The Idaho Medicaid program will delay a rate adjustment for supported living services from January to February 2016 to allow providers more time to adjust to the change and provide accurate information to participants about service options. The state had told providers last week that the rate adjustment would occur in January but realized more time would be necessary for many of them.
The rate adjustment is the result of a U.S. Supreme Court ruling in April of this year that upheld the state’s ability to set reimbursement rates for Medicaid services. A specific group of Medicaid providers had filed suit against Idaho in 2011 to force the state to pay higher rates. During the three years it took the lawsuit to work its way through the courts, the state paid providers the higher, court-ordered rates. With the Supreme Court victory, Idaho will reinstate the previous rates for Medicaid supported living services beginning February 1.
Private Medicaid providers deliver supported living services. These services allow adults with developmental disabilities who choose to live in their own homes up to 24-hour support for personal care, supervision, and to receive help building skills needed to become more independent. Medicaid participants receiving supported living services are still eligible for the same amount of services, however, the reimbursement rates paid to providers will return to the previously approved amounts.
How much will the reimbursement rates change? It depends on each participant’s needs. For the largest group of participants, a little over 600 enrollees, providers are paid a daily rate. For the last three years, that rate was $248/day; on February 1 it will reduce to $225/day. The largest change is for providers who support participants with intense needs, which includes almost 200 participants. The lawsuit had increased the rate for intense needs to $496/day; come February it will reinstate the rate of $268/day.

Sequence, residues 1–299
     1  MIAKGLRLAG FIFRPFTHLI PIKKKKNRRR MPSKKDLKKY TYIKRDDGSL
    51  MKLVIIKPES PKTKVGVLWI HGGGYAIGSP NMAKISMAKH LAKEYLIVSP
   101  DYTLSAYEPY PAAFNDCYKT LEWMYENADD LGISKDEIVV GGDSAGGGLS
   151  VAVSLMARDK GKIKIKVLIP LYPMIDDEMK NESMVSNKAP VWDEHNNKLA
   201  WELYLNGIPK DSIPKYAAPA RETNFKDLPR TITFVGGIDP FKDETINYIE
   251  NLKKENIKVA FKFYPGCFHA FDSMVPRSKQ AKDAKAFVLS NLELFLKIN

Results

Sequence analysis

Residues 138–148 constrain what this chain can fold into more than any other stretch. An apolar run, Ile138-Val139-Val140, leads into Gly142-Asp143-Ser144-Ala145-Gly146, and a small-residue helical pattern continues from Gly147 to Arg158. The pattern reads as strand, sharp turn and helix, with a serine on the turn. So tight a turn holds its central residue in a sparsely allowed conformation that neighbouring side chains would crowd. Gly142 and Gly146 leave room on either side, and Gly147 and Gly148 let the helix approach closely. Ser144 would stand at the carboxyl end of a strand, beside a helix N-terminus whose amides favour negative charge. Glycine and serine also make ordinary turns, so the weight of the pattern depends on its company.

The Medicaid program continuously monitors the program for problems with quality or participant access to services. We also have an obligation to be good stewards of taxpayer money and ensure that we are only paying the rate needed by the most efficient providers. If the state sees any adverse impact on participants and their ability to receive quality services, we will re-evaluate the reimbursement rates and raise them if necessary. If the rates appear to be sufficient with no access or quality problems, rates may remain status quo. The free market will help determine if rates need to be adjusted.
Back in 2012, the Medicaid program objected to the court-ordered rate increase because there were plenty of providers offering quality services at the rates that were being paid. The Supreme Court reversal came out eight months ago, but the state could not change the rates until Idaho Medicaid obtained federal approval. The program received that approval last week, and in turn, contacted providers with the intent to implement in January. The reasoning for the quick implementation was that each month’s delay costs taxpayers over $1 million. However, the state Medicaid program has since realized more time was necessary so participants are not negatively impacted.